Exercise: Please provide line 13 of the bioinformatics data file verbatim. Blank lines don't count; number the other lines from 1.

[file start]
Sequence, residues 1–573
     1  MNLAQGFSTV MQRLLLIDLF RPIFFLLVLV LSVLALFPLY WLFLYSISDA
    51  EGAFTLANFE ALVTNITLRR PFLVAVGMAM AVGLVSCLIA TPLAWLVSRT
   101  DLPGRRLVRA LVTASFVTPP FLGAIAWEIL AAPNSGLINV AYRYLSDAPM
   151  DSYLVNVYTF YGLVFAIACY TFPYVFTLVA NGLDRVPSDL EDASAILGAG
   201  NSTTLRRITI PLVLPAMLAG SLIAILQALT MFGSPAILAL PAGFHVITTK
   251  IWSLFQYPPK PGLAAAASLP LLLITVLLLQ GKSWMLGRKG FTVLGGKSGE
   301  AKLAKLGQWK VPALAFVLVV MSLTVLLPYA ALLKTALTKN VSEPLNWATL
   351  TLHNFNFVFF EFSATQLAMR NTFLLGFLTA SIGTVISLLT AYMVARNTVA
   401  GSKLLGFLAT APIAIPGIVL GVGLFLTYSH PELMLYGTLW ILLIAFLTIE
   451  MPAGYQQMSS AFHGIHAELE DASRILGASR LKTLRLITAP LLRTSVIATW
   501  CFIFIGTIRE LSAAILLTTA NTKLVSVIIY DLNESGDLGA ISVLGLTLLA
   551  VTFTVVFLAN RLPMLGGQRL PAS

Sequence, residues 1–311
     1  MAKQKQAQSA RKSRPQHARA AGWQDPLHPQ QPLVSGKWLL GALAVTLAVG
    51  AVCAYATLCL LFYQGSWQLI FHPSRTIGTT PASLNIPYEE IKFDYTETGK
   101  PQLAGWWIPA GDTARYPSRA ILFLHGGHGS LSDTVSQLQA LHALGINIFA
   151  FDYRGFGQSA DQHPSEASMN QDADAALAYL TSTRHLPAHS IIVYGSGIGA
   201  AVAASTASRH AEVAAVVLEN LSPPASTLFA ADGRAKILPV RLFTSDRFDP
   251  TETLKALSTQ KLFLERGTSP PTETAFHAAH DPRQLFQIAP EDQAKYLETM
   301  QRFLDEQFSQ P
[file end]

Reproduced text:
   551  VTFTVVFLAN RLPMLGGQRL PAS